Whenever I work with a group I will always ask them what they want to get from the session. In terms of thinking and memory, it’s incredibly important that students enter a lesson with some idea of what they want from it. Otherwise, and more often than not, they leave with something they didn’t want or, worse still, nothing at all.

Another useful technique to employ at the start of a session is to ask the students to have a quick chat with the person next to them and to come up with three things they would like from the session and one thing they definitely do not want.

For instance they may want a laugh, to learn something new and move around a bit, and they don’t want to be bored (these are the usual answers I get). At least now as a teacher you know what their expectations are and you can begin to deliver on them. This exercise quickly and effectively gets the students to think and focus on the lesson and learning and helps promote a collaborative atmosphere for everyone.

 

7 - Openers


 

It is always useful to have a locker full of creatibe and divergent thinking games and exercises which you can deploy whenever you feel the time is right. Below are three of my favourites:

- If that’s the answer what’s the question?

Have something on the board ready. Sometimes I will simply put up a number or write a strange phrase such as ‘Two nuns and an angry squirrel’ or ‘Quite a lot’ or ‘No’. It never ceases to amaze me how differently the student’s minds work and much hilarity normally ensues.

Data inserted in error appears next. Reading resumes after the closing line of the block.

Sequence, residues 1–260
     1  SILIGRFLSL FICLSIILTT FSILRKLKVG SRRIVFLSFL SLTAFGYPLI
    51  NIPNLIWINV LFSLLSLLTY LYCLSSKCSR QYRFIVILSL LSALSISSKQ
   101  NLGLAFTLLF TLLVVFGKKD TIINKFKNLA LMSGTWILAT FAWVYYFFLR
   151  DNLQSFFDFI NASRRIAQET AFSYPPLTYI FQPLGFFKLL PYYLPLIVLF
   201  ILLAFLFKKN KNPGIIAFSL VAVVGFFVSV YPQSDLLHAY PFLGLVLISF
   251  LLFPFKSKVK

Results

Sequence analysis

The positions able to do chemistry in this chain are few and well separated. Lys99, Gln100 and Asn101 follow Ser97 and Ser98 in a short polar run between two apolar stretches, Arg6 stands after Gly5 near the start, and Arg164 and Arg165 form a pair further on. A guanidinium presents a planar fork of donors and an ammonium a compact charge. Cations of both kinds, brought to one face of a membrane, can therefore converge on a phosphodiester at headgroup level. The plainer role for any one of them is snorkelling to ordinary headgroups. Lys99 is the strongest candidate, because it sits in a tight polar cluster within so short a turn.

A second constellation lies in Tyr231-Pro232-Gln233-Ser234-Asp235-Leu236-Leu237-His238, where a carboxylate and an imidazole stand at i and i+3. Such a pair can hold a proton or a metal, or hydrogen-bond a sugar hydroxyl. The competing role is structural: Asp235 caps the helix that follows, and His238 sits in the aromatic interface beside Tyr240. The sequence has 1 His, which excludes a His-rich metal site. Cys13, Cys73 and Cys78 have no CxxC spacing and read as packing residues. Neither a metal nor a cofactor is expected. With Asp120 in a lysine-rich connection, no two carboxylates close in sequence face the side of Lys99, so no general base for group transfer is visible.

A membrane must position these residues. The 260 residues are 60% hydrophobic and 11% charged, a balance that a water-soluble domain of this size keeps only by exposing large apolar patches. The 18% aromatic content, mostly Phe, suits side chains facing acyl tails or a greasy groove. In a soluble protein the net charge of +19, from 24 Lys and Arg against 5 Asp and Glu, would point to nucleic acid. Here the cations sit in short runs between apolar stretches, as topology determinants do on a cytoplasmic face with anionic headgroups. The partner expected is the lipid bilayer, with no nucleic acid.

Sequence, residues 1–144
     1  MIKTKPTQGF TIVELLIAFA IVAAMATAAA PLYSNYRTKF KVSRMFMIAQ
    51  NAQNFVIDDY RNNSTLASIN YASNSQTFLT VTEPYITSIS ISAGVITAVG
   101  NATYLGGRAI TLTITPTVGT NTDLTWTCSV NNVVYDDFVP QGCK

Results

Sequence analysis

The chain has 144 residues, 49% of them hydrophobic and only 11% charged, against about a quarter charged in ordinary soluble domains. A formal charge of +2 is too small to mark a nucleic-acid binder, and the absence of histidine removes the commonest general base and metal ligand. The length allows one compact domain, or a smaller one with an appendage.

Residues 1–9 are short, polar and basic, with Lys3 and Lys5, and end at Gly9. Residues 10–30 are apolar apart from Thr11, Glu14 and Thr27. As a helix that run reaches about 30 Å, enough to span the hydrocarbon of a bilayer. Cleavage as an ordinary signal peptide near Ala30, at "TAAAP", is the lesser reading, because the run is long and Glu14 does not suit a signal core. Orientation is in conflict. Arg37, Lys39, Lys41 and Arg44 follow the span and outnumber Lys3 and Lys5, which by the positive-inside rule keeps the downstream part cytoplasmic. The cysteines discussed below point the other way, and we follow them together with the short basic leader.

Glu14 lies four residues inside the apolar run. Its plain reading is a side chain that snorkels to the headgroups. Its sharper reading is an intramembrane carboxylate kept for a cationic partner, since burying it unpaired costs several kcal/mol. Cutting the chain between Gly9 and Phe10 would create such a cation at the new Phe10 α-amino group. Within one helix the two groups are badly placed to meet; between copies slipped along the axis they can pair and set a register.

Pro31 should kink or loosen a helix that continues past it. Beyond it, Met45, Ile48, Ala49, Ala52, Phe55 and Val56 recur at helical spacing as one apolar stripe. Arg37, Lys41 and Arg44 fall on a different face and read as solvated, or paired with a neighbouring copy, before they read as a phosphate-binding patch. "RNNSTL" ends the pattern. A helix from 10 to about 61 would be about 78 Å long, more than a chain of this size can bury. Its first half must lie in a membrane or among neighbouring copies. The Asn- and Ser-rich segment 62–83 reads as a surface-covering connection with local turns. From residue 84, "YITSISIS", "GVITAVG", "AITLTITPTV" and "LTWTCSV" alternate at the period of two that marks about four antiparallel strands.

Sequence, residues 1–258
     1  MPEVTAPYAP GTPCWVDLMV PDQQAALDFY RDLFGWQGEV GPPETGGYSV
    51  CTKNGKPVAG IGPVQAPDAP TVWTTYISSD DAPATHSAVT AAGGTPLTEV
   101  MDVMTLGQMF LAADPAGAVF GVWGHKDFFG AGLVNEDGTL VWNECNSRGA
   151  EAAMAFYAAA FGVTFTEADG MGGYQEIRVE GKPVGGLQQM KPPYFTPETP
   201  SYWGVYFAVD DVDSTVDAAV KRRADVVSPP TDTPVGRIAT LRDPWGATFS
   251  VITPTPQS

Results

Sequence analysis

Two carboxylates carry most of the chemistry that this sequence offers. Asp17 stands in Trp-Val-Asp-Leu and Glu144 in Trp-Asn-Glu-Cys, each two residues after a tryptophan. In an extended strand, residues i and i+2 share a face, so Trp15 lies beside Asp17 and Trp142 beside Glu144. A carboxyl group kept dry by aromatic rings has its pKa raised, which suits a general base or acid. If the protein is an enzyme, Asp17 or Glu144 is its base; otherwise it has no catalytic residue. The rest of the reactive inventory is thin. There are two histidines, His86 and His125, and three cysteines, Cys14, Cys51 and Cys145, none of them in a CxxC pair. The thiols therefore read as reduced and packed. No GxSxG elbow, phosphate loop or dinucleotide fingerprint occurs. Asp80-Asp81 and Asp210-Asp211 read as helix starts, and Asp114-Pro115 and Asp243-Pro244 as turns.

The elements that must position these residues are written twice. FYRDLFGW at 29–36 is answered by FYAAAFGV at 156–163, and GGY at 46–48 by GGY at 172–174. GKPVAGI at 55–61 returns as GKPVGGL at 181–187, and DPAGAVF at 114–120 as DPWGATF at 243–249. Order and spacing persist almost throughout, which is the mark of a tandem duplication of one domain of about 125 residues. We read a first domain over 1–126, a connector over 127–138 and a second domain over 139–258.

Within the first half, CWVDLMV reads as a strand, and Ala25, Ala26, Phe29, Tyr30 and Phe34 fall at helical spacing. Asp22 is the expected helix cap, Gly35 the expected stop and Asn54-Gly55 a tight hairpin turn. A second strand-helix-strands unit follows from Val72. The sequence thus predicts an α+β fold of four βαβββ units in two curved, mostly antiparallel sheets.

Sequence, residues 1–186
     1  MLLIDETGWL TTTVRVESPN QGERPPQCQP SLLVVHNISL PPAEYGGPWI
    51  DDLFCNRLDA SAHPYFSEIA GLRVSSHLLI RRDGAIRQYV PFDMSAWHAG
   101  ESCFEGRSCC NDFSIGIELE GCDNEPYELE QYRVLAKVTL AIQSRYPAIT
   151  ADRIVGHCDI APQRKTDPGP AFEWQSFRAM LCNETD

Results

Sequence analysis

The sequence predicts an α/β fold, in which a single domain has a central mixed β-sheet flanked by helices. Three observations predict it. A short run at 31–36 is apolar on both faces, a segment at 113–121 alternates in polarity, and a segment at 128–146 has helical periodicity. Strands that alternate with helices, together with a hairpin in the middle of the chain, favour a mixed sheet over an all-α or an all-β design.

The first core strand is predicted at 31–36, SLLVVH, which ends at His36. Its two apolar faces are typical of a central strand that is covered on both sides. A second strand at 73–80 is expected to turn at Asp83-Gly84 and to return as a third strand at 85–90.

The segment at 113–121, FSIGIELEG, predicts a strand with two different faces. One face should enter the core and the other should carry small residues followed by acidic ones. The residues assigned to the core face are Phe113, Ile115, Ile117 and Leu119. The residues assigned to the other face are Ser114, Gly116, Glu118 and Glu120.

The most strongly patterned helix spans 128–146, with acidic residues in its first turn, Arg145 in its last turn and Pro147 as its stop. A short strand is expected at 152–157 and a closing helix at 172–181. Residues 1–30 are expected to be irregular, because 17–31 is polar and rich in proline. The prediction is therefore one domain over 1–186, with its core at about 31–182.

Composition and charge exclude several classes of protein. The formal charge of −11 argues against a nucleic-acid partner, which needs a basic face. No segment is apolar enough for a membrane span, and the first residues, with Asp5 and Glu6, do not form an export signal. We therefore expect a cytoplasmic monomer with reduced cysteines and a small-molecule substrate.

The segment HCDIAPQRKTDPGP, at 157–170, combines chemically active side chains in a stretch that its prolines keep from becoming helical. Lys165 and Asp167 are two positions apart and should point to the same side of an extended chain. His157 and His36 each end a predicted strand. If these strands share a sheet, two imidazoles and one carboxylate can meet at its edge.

2 - Anagrammer

Simply place a long list of scrambled letters on the board. The challenge is for the students to find as many words within the list and then create a strange, surreal, cheeky or just plain long sentence using the words. Letters can only be used once unless they appear more than once.

- Well I never


Any relationship gets better the more we feed it by sharing ourselves. This activity allows students to share stories, facts and experiences with the class that they will have not heard before. Announce to the class that they have two minutes to come up with a fact, story, or experience that the class does not know about them, the students then feed this back to the class.

 

8 – Closers